Introduction to Sociology ­ SOC101
1. The self develops only with social experience. The self is not part of the body, and it does not exist at birth.
Self develops only as the individual interacts with others. In the absence of interaction (as is
evident from the cases of isolated children like Anna, Isabelle, Genie) the body grows, but no self
2. Social experience is the exchange of symbols. Only people use words, or the wave of the hand, or a smile
to create meaning. These symbols are parts of the language, which plays a vital part in the
development of self. Self is a product of socialization experiences and that it develops along with
our ability to think symbolically.
3. Understanding intention requires imagining the situation from the other's point of view. Using symbols we
imagine ourselves "in another person's shoes" and see ourselves as the person does. We can
therefore anticipate how others will respond to us even before we act. A simple toss of a ball
requires stepping out of ourselves to imagine how others will catch our throw. You may call it as to
think symbolically.
Thinking consists of the conversations we carry on in our minds with ourselves
about all sorts of things, especially about ourselves. As a child, you eventually
developed cognitively to the point at which you were able to use one symbol (a
doll, for example) to represent a parent and another symbol (another doll, for
example) that represent you. Only then you could engage in role taking ­
imagining being someone else and looking from that person's perspective back at
yourself as a social object. That is the imitation of the role of others. Out of the
early social interactions we develop our ability to communicate, our ability to
think, and our social self emerge.
4. By taking the role of the other, we become self-aware. The self then has two parts.
As subject, the self is active and spontaneous. Mead called the active side of the
self as "I" (the spontaneous form of the personal pronoun). "I" is the self as
subject the active, spontaneous, creative part of self. But the self is also an
object, as we imagine ourselves as others see us. Mead called the objective side of
the self the "me" (the objective form of personal pronoun). All social experience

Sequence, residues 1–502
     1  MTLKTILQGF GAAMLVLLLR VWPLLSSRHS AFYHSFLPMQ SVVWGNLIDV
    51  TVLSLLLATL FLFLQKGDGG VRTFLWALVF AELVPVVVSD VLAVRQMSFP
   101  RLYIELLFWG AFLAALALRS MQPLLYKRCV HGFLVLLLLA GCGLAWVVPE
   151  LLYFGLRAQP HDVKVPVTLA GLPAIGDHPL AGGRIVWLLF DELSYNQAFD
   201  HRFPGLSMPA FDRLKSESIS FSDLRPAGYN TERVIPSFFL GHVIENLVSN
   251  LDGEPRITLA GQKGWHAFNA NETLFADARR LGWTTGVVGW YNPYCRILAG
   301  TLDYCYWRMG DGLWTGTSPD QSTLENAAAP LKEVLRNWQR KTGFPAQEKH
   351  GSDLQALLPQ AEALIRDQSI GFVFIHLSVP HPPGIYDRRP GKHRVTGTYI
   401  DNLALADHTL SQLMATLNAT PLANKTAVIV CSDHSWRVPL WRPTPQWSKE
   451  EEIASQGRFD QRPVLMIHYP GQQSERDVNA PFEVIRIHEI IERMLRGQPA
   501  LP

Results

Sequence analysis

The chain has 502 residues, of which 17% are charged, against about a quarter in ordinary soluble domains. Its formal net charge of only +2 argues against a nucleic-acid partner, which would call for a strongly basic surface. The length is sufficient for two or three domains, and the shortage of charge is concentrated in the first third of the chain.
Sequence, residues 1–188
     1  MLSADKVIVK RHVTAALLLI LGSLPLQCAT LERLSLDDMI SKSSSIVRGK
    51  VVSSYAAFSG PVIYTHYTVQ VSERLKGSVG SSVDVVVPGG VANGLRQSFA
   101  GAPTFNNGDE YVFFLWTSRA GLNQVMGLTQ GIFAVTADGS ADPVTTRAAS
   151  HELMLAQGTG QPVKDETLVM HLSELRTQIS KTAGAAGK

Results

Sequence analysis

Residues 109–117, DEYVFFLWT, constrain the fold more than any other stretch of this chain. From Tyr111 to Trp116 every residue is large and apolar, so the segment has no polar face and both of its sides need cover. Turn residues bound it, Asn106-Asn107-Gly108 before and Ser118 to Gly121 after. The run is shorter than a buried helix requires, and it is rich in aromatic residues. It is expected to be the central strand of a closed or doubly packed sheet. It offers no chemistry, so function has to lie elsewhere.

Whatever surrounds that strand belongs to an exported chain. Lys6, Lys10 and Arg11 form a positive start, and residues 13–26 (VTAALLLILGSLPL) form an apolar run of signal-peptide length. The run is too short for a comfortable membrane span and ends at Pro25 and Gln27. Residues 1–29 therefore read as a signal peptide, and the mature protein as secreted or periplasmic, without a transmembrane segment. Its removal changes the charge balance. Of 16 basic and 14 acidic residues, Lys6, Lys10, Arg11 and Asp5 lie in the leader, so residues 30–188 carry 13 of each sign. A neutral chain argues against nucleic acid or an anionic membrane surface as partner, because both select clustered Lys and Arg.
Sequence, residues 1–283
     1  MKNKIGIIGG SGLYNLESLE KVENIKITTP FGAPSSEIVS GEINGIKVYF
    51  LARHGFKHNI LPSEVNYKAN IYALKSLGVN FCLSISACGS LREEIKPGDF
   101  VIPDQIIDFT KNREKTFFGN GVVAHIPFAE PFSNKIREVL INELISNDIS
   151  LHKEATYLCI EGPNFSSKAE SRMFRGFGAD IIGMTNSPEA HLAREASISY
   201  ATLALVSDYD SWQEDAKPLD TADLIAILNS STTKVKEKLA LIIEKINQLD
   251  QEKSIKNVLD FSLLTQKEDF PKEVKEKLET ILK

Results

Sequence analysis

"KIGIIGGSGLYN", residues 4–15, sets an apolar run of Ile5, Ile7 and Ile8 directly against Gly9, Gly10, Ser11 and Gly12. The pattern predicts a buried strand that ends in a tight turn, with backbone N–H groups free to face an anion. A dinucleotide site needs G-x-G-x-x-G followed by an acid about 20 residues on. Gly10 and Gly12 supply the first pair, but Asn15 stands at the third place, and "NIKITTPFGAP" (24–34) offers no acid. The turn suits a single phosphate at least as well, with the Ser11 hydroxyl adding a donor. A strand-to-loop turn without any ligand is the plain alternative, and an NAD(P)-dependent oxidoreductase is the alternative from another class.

have both components.
The emergence of self consists of three stages:
1. The Play Stage. During the play stage, a child begins to develop a sense of him/herself as a social object
by taking the role of significant others in relation to him/herself. A girl child plays at being her mother or
father, which requires investing herself imaginatively into a doll, for example. She then makes the doll
behave as she behaves and evaluates and reacts to this behavior of the doll. She mimics the way in which
her father or mother reacts to her own behavior. In this way, she begins to make sense of why the parents
react to her as they do. At this stage, the child's self consists exclusively of the ideas she has about herself
based on her perceptions of how significant others, one at a time, view that self. (Significant others are
the persons who are very important for the individual)
2. The Game Stage. In the play stage, the child took the role of one significant other at a time. In order to
play games, however, the child must be able to take the roles of other players in the game simultaneously.
In a game (cricket, for example) each player must know what all the other players expect of him in any
situation that might come up. Being able to evaluate oneself from the perspective of several significant
others simultaneously results in more sophisticated self-concept.
3. The Stage of the Generalized Other. The generalized other represents the imagined perspective of the
community or society at large. At this stage of development, the child is capable of evaluating himself from
the perspective of community, sub-cultural, or cultural norms and expectations. The child tries to shape his
Introduction to Sociology ­ SOC101
behavior in accordance with the expectations of the others and tries to become what others what him to
Charles H. Cooley: The looking Glass Self